Monday, January 21, 2013

Olympic Legacy of the 1960 Winter Games at Squaw Valley


In 1955, when Alex Cushing got the idea to apply for the 1960 Winter Games, they hadn’t been held in the United States since the 1932 Lake Placid Winter Games. Cushing didn’t even have a venue when he made his bid.
Cushing got his approval from the International Olympic Committee with just 4 years to build a venue. Cushing struck a deal with Wayne Poulsen of Squaw Valley to hold the games at Squaw. They built roads, chairlifts, housing, parking, and arenas to hold the games. When more parking was needed, woodchips were scattered in the meadow for parking.


Before the games began, Cushing ended up with control of the Squaw Valley Ski Corporation. The Olympic Games were held February 18-28, 1960. All of the events except the Nordic ski races were held at Squaw Valley. The games opened for the first time with live television. Vice President Richard Nixon and Walt Disney were some of the big-name attendees.

 
· Controversy regarding construction of the bobsled run and lack of participants, made 1960 the only time bobsled events were excluded from the Winter Games.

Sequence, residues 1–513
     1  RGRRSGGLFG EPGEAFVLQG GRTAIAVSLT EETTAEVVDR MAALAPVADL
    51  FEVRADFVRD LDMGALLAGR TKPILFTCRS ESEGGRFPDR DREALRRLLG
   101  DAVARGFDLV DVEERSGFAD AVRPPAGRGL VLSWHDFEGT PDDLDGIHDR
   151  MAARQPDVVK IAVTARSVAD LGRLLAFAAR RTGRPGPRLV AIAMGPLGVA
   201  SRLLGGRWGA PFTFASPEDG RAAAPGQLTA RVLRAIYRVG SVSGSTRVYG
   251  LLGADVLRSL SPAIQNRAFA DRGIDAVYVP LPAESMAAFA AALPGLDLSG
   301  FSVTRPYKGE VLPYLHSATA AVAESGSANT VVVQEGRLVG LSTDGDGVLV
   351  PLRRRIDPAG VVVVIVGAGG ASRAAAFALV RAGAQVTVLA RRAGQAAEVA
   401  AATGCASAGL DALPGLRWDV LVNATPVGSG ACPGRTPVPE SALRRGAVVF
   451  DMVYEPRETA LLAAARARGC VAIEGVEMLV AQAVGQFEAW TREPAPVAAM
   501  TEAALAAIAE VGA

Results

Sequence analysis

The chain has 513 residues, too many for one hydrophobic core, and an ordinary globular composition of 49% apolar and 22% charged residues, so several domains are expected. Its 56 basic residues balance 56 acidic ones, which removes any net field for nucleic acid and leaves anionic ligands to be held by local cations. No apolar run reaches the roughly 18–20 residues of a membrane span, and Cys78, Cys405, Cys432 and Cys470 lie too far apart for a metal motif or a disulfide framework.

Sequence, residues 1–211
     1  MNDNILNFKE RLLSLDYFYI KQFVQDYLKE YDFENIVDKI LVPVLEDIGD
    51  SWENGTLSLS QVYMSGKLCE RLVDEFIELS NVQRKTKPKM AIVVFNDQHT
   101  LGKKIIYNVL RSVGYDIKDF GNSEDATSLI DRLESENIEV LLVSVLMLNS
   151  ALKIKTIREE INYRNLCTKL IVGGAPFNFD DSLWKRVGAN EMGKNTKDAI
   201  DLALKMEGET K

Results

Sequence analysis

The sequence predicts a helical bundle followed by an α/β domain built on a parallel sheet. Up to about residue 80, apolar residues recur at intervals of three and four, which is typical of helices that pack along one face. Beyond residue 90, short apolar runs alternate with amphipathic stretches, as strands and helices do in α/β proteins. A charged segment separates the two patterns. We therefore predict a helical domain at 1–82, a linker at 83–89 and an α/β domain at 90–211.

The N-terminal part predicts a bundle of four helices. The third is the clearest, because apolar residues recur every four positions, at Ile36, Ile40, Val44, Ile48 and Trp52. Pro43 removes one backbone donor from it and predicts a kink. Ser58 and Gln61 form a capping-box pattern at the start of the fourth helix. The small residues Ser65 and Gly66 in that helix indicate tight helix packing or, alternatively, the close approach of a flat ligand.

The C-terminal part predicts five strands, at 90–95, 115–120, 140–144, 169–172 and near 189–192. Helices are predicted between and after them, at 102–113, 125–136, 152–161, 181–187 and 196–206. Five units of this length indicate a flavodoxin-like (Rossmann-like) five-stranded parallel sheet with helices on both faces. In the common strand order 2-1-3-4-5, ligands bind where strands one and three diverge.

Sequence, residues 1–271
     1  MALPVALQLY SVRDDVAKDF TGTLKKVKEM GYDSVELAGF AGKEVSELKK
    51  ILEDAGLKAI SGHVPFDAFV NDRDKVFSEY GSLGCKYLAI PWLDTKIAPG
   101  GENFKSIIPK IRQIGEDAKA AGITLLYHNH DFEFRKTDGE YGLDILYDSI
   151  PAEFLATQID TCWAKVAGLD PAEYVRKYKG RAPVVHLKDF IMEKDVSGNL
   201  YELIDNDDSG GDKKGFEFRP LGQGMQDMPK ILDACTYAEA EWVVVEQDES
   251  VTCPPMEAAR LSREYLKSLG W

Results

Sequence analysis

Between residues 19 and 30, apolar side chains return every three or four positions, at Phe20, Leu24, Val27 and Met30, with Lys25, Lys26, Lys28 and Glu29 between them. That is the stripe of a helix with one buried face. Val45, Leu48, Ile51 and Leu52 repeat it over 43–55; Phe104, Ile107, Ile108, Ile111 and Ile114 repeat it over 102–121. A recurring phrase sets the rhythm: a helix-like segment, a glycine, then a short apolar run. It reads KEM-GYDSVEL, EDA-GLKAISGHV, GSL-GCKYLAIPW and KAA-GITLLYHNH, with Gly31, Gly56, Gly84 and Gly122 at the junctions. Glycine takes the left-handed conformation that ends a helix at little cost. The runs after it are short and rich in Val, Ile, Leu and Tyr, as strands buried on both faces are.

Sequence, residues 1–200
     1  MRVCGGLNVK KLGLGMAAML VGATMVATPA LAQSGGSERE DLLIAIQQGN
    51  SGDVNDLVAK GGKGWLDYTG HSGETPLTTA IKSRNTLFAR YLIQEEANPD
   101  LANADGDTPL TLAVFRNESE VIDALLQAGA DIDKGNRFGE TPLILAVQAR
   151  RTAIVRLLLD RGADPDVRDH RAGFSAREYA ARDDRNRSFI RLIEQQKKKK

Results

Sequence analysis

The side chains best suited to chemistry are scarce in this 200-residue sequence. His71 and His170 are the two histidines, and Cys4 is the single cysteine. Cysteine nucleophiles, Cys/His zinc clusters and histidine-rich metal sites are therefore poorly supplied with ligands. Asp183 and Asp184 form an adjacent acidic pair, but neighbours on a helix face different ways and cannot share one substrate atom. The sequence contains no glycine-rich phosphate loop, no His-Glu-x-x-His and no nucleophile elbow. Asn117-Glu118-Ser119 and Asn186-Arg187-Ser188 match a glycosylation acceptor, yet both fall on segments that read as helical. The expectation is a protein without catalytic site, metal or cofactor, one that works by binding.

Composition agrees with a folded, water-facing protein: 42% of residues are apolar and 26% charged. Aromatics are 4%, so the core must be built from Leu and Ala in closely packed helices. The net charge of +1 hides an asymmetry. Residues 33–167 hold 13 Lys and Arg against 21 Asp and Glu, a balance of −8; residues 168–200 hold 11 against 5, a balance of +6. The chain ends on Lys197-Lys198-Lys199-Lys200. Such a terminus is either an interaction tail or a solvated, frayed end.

· Frenchman Jean Vuarnet became the first skier to win a medal on metal skis, rather than traditional wooden skis.

· Men’s biathlon and women’s speed skating made their Olympic debuts.

· Olympic officials wanted to review a video play-back of a possible missed gate on the slalom course. This gave CBS the idea to invent “instant replay”.
· Officials were worried about the rain and lack of snow in February. A storm blew in on the morning of Opening Ceremonies to save the Games.

There is currently a group called the Reno Tahoe Winter Games Coalition that is making a bid for the 2026 Winter Games. They were unsuccessful in their bid for the 2022 Winter Games.
If you want to learn more about the Olympic Legacy at Squaw Valley, visit the Squaw Valley Olympic Exhibit at High Camp on the mountain. Squaw Valley was purchased by KSL Capital Partners LLC in 2010.

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